In case others may be interested in the practical details of this approach, the DTD and XSLT Stylesheet will be archived on the University of Cambridge D-Space Digital Repository, available on an open-source basis.
The future and the advantage of an author-centred approach
I'm keen to see the end of a perceived division between humanities academics as scholars – in literature, linguistics, epigraphy, archaeology and so on – or as IT specialists. Because we are all involved in publishing, we all need to be comfortable with digital text-formatting, and the XML environment is a very accessible one. I'm deeply grateful to programmers who encouraged me to engage with the technical details of text composition, because the experience has shown me that the best results can be achieved when the technical details are designed to serve the scholarly task in hand: by configuring our IT systems to our academic methodology, rather than the other way round. And the principles of XML are not difficult to grasp, if you know how web pages are tagged, and XSL, though rather more challenging, can be regarded as an exercise in organising conditional clauses.
For our publishing environments to encompass digital as well as print output, we need to give structure as well as format to our texts, and we should eliminate features which weaken it. However, TEI has many users who are committed to it, and I would not expect current projects to abandon it. I do however suggest that the TEI consortium might consider making a further and more radical revision of the Dictionary schema, introducing top-level standard-content elements, and, for mixed-content elements, reducing the number of variable attributes and the maximum number of children to around 10, so as to create a structured hierarchy and reduce redundancies. I also suggest that lexicographers who have not yet chosen an XML system might wish to design a structure which is tailored to their scholarly methodology, and so can provide an efficient vehicle for it.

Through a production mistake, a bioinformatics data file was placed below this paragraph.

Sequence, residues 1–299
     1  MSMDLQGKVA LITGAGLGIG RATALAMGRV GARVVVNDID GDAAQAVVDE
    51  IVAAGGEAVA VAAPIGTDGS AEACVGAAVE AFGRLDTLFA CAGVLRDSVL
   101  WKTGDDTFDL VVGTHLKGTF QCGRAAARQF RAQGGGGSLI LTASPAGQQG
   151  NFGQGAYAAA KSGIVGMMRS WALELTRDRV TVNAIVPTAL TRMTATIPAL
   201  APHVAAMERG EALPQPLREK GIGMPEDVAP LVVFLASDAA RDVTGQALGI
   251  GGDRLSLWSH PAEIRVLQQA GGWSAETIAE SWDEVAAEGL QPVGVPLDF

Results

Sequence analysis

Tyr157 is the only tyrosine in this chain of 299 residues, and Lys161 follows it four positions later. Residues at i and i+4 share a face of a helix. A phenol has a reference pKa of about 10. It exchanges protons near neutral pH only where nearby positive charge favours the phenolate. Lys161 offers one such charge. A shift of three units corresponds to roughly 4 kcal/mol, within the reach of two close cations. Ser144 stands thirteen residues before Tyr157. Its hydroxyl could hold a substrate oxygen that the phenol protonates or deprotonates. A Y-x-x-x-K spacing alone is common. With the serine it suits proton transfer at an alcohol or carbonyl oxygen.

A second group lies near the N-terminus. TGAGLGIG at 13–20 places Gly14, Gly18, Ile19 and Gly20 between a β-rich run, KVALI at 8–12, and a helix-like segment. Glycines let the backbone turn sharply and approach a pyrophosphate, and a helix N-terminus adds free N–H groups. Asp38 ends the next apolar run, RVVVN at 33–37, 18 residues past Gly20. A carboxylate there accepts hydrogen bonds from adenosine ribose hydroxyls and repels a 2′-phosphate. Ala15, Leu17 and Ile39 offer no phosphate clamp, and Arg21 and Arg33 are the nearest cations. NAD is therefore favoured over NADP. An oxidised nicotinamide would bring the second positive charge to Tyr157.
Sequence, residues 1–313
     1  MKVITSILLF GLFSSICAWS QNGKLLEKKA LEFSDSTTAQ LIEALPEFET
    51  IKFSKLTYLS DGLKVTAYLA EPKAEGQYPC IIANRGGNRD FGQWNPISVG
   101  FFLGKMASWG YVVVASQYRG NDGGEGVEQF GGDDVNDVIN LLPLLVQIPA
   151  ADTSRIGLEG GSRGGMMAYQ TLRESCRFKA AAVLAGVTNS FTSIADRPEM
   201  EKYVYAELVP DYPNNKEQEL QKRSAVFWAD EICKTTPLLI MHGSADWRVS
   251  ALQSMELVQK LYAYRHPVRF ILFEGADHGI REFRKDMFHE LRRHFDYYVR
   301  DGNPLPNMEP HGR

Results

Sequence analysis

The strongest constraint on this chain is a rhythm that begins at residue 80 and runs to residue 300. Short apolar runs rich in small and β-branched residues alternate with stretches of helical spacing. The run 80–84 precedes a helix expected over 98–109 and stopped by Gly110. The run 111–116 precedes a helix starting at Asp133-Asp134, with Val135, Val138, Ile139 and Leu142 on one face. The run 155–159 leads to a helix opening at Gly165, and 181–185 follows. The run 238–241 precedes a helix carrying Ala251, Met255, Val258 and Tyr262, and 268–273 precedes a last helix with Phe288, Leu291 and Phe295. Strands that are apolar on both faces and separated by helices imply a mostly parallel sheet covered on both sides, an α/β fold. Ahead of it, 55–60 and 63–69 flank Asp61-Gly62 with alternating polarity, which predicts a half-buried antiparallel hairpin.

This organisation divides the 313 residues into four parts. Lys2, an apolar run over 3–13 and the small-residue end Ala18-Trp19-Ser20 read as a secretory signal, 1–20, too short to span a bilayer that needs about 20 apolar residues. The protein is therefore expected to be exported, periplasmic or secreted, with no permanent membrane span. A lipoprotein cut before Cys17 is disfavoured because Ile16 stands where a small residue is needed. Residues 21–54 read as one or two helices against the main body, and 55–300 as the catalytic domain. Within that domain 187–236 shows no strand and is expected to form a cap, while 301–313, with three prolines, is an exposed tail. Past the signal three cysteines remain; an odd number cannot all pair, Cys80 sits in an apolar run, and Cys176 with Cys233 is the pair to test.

This may help explain why, of the pre-existing structures we examined, the OED's schema came closest to meeting our requirements, because it is also a historical and literary dictionary, albeit a monolingual one.
The original name was intended to emphasise that the lexicon writers choose the XML tags themselves, rather than the tags being added to the composed text. The name has been changed to highlight the order in which the writers work: first selecting the appropriate tag, and then composing their text.
In the Preface of the Oxford English Dictionary, Second Edition, 1989, the editors Simpson and Weiner described the development of the SGML system in these terms: "The structure designed by Sir James Murray and used by him and all his successors for writing dictionary entries was so regular that it was possible to analyze them as if they were sentences of a language with a definite syntax and grammar. They could therefore be parsed."
I'm most grateful to Bridget Almas of Perseus for explaining the technical details: our source XML will be transformed into the Perseus TEI-Analytics schema (a subset of TEI P5) using the Abbot toolset, and scripts will be written to identify cross-reference points between the lexicon and the Perseus material, and to insert the tags for linking.